I am Elizabeth O’Neill, Program Evaluator for Oregon’s State Unit on Aging and President-Elect for the Oregon Program Evaluators Network. I found myself on this unlikely route as an evaluator starting as a nonprofit program manager. As I witnessed the amazing dedication for producing community-based work, I wanted to know that the effort was substantiated. By examining institutional beliefs that a program was “helping” intended recipients, I found my way as a program evaluator and performance auditor for state government. I wanted to share my thoughts on the seemingly oxymoronic angle I take to convince colleagues that we do not need evaluation, at least not for every part of service delivery.
In the last few years, I have found tremendous enthusiasm in the government sector for demonstrating progress towards protecting our most vulnerable citizens. As evaluation moves closer to program design, I now develop logic models as the grant is written rather than when the final report is due. Much of my work involves leading stakeholders in conversations to operationalize their hypotheses about theories of change. I draw extensively from a previous OPEN conference keynote presenter, Michael Quinn Patton, and his work on utilization-focused evaluation strategies to ensure evaluation is intended use by intended users. So you think I would thrilled to hear the oft-mentioned workgroup battle cry that “we need more metrics.” Instead, I have found this idea to warrant more naval-gazing and less meaningful action. I have noticed how metrics can be developed to quantify that work got done, rather than to measure the impact of our work.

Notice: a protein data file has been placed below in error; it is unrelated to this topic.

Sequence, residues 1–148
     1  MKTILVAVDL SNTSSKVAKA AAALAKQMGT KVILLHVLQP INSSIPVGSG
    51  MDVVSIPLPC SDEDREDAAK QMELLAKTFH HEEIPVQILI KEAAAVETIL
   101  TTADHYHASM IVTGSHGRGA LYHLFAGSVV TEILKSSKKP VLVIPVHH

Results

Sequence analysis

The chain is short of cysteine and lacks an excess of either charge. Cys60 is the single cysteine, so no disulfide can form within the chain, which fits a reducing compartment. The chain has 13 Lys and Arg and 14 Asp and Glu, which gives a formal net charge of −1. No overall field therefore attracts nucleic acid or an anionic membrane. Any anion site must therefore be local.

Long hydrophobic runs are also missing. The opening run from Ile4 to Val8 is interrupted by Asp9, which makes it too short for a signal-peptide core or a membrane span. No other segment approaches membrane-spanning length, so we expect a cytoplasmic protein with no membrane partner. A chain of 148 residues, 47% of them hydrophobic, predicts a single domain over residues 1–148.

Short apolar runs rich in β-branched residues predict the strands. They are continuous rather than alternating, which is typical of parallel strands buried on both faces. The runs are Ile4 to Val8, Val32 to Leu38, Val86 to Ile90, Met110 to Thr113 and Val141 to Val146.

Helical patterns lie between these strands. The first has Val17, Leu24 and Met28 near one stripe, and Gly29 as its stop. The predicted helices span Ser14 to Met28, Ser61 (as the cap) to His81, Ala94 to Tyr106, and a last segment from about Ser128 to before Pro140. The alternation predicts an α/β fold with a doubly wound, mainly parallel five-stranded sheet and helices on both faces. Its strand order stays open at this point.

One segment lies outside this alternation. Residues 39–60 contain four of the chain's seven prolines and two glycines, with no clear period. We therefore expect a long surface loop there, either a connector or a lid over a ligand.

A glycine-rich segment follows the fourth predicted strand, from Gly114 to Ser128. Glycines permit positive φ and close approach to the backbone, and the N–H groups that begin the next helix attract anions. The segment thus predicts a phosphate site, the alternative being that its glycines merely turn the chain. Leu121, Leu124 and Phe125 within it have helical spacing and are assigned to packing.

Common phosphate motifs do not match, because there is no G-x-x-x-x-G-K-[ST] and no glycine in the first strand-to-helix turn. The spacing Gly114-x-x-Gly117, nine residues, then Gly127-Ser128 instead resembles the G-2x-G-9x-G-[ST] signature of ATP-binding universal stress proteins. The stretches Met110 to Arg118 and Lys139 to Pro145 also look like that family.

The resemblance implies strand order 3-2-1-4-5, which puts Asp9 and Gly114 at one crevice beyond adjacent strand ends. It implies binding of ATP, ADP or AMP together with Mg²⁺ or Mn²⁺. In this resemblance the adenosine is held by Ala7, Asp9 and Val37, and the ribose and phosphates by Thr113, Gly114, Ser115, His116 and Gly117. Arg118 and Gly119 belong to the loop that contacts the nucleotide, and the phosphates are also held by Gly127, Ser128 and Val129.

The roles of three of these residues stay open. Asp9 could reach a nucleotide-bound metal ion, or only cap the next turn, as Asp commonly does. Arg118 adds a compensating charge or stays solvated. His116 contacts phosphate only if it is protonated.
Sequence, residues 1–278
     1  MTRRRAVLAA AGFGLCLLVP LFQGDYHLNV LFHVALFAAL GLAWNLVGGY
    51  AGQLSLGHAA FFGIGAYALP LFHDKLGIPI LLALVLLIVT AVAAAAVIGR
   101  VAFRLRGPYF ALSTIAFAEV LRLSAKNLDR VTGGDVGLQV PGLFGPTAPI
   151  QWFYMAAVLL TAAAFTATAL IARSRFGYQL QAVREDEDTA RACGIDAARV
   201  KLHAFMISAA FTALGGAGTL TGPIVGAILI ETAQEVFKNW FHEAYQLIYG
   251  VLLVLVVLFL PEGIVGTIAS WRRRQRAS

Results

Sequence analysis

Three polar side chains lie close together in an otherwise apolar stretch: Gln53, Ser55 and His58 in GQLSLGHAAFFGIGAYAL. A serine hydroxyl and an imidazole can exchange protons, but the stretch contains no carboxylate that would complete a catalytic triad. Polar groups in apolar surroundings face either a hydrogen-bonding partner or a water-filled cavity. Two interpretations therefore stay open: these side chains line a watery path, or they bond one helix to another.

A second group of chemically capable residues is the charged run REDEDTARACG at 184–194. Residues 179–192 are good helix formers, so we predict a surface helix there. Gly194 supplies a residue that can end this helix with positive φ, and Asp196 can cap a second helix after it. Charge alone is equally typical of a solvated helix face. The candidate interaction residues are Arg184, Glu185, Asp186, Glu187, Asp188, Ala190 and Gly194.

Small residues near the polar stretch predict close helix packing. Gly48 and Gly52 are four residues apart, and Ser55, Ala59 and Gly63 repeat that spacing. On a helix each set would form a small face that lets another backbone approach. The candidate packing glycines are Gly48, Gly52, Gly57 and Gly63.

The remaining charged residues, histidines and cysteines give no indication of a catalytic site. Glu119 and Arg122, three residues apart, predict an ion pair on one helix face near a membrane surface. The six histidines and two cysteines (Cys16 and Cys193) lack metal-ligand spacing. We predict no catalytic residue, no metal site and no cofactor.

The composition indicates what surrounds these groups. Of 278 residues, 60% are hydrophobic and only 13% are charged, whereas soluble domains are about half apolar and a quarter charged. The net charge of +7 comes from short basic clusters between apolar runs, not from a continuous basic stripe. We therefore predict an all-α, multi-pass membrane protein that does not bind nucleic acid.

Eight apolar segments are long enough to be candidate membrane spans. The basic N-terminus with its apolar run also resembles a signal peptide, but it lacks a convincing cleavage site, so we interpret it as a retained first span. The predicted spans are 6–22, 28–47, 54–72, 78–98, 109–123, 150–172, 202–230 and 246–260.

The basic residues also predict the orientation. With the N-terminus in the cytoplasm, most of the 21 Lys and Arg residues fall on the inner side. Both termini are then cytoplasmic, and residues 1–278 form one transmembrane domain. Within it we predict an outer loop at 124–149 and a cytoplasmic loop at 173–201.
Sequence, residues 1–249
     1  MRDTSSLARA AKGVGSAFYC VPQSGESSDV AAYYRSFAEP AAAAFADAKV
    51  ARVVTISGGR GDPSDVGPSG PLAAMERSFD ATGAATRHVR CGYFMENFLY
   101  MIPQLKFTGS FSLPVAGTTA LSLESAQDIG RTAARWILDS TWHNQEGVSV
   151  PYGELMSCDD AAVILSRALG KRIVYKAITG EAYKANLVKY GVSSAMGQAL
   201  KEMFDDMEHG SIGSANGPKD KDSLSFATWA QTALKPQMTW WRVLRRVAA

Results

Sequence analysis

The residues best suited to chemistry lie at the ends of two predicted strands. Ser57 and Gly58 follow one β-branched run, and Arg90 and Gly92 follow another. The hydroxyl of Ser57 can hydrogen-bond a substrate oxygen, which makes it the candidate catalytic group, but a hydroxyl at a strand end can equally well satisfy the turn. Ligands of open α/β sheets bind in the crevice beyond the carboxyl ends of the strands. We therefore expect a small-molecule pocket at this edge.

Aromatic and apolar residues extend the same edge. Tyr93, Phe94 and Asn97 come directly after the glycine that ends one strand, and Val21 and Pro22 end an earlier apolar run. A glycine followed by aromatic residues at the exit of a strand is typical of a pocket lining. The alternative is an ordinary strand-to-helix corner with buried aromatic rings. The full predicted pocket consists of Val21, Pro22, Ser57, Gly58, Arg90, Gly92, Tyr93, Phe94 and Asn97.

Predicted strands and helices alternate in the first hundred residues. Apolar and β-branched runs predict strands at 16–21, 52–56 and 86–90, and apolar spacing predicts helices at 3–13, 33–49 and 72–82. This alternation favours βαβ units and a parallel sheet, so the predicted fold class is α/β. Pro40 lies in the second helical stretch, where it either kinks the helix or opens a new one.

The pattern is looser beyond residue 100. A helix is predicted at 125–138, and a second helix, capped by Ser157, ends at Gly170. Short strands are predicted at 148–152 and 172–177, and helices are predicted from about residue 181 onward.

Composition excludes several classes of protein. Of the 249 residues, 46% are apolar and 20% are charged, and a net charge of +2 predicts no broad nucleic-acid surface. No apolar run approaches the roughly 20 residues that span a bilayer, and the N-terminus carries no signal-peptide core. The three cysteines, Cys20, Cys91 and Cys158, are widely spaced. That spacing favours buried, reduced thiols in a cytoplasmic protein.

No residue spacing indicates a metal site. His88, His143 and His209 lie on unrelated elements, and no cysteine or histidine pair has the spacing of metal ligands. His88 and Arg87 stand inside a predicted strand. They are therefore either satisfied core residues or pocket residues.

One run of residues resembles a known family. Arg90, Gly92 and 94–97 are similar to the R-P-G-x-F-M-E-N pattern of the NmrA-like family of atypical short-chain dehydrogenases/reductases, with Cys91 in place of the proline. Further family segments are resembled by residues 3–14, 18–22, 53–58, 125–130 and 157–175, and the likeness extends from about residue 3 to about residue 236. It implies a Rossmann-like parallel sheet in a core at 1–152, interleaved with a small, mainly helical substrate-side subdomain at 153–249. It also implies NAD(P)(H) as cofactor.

Lesson Learned: The excitement about using metrics stems from wanting to substantiate our efforts and to feel accomplished with our day-to-day to activities. While process outcomes can be useful to monitor, the emphasis has to remain on long-term client outcomes.
Lesson Learned: As metrics become common parlance, evaluators can help move performance measurement to performance management so the data can reveal strategies for continuous improvement. I really like OPEN’s founder Mike Hendricks’ work in this area.
Lesson Learned: As we experience this exciting cultural shift to relying more and more on evaluation results, we need to have cogent ways to separate program monitoring, quality assurance and program evaluation. There are times when measuring the number of times a workgroup convened may be needed for specific grant requirements, but we can’t lose sight of why the workgroup was convened in the first place.
Rad Resource: Stewart Donaldson with the Claremont Graduate Institute spoke at OPEN’s annual conference this year with spectacular response. Program Theory-Driven Evaluation Science: Strategies and Applications by Dr. Donaldson is a great book for evaluating program impact.
The American Evaluation Association is celebrating Oregon Program Evaluators Network (OPEN) Affiliate Week. The contributions all this week to aea365 come from OPEN members. Do you have questions, concerns, kudos, or content to extend this aea365 contribution? Please add them in the comments section for this post on the aea365 webpage so that we may enrich our community of practice. Would you like to submit an aea365 Tip? Please send a note of interest to email@example.com. aea365 is sponsored by the American Evaluation Association and provides a Tip-a-Day by and for evaluators.